Barrow MP calls for ‘radical reform’ of legal high laws
Last updated at 12:00, Sunday, 08 September 2013
YOUNGSTERS are playing Russian roulette by taking legal highs, it has been claimed.
A report by the Centre for Social Justice shows 6,486 people were treated in 2011/1212 for abusing these types of drugs, an increase of 39 per cent since 2005/06.
The report showed one in 12 people aged between 15 to 24 – totalling 670,000 across the UK had tried so-called legal highs and brands the UK “the addicted man of Europe”.
Cumbria Alcohol and Drug Advisory Service (CADAS) has reported an increase in the number of service users having problems with legal highs.
Phil Sharp, a supporting teenagers at risk adviser at CADAS, said: “We have seen more people.
“Some of the effects in the short term can be as damaging as illegal drugs but the long term its almost unknown.
“It’s like they are playing Russian roulette.”
The report said one of the issues with the substances was the way people can order them online – something the CSJ said is turning the postal service into couriers for the legal high trade.
Mr Sharp added: “They are so accessible online.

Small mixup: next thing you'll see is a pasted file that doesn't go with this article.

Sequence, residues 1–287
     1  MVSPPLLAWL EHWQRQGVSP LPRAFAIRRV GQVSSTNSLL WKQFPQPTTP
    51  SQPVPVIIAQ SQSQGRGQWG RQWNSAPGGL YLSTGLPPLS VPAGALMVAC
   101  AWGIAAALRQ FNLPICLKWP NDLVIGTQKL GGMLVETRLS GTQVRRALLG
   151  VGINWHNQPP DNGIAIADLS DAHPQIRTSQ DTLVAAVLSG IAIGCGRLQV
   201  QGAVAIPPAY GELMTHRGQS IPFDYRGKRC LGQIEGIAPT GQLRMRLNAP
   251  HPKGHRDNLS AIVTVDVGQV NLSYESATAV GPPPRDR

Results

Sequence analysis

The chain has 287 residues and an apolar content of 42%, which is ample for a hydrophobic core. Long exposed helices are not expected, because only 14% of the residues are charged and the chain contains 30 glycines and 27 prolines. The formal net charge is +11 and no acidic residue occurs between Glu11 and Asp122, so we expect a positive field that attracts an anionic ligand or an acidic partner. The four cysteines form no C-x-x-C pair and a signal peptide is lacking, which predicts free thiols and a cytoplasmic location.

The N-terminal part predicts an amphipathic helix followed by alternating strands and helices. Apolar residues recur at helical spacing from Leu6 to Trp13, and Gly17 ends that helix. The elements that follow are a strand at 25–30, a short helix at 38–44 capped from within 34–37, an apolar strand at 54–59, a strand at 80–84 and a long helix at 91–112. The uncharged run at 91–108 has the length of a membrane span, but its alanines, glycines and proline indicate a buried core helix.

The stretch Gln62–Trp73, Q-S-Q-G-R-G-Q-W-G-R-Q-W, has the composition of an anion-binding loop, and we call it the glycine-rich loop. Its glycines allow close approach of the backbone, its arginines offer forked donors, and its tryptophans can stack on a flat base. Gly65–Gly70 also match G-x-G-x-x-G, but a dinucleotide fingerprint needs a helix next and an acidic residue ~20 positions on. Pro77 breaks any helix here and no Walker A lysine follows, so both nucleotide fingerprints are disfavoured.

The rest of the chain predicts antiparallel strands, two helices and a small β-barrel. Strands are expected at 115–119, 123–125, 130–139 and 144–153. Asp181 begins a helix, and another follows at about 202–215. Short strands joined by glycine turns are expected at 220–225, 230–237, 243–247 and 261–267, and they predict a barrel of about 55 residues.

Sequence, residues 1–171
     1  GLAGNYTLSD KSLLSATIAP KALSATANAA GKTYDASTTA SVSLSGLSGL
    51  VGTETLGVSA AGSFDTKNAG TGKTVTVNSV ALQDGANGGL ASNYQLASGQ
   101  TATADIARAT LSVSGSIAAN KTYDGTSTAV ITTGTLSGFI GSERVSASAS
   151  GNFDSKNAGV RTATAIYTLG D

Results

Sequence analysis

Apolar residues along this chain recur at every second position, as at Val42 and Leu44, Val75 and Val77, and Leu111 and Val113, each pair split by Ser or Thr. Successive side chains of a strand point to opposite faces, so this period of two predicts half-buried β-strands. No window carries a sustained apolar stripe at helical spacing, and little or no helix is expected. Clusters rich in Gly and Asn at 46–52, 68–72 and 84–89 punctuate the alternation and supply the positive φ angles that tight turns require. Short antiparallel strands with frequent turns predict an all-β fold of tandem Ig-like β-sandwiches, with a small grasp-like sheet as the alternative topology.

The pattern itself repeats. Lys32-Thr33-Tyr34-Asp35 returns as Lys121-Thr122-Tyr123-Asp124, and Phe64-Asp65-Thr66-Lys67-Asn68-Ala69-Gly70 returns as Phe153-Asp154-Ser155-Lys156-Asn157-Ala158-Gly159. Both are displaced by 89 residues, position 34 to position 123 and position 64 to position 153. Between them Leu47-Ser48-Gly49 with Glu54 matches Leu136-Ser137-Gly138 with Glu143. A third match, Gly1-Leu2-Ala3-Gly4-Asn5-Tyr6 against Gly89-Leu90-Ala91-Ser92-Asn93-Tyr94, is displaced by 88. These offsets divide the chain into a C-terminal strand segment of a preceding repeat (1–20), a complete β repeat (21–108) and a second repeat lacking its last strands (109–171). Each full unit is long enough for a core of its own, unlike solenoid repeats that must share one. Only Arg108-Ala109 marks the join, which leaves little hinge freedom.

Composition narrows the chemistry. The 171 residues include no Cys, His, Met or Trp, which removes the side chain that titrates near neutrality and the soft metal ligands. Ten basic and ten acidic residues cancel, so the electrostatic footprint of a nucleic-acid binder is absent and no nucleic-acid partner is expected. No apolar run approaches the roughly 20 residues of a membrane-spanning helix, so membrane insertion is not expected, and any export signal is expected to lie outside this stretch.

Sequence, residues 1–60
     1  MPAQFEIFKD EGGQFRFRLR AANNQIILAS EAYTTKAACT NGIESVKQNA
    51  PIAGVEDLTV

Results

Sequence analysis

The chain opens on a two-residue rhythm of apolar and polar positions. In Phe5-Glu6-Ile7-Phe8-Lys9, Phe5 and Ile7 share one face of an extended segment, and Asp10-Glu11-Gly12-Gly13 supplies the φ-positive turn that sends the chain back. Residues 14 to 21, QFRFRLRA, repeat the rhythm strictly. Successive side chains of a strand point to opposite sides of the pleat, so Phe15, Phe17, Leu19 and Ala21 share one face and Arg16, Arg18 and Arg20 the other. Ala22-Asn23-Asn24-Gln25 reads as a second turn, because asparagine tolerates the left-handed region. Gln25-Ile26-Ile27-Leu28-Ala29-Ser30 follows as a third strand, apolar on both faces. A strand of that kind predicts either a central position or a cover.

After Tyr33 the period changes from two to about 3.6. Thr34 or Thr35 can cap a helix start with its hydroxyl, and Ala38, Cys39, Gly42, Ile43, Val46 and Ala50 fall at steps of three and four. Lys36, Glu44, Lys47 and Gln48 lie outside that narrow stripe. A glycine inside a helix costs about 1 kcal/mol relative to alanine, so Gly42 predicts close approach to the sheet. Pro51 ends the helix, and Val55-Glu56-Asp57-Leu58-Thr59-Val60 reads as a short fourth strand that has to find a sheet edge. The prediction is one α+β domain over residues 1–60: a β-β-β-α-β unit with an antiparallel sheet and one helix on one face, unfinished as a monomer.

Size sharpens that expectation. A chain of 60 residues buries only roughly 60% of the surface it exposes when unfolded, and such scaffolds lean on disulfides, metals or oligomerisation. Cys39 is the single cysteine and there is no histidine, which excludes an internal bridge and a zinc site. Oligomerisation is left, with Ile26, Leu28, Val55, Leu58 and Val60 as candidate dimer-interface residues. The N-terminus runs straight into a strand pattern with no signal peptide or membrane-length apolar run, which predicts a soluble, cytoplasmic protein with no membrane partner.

“We’ve seen more people using them because of this but alcohol is by far the most prevalent substance we see people having problems with.”
John Woodcock, Barrow and Furness MP, said: “The evidence is clear that legal highs are destroying lives across the country in ever-growing numbers.
“Our current laws simply aren’t able to keep pace with the rapid development of these potentially deadly drugs, and there needs to be radical legal reform to improve control and increase prosecutions.
“We have had plenty of well-meaning words from ministers, but precious little action: their foot-dragging needs to stop now.”
The Evening Mail’s Ban Them Now campaign is calling for psychoactive substances to be outlawed. The campaign is also calling for young people to be given a full education programme into the dangers of so-called legal highs.
Visit http://epetitions.direct.gov.uk/petitions/52459 to sign our petition.
First published at 09:35, Monday, 09 September 2013
Published by http://www.nwemail.co.uk
Have your say
So will this proposed ban cover dihydrogen monoxide?
How about, end the prohibition? People could get good quality, scientifically researched drugs and wouldn't need to risk these dangerous chemicals. People are going to do what they want to do, and people want to take drugs. Let's make it safer for everyone by making less harmful alternatives to alchohol and untested chemicals available for all.
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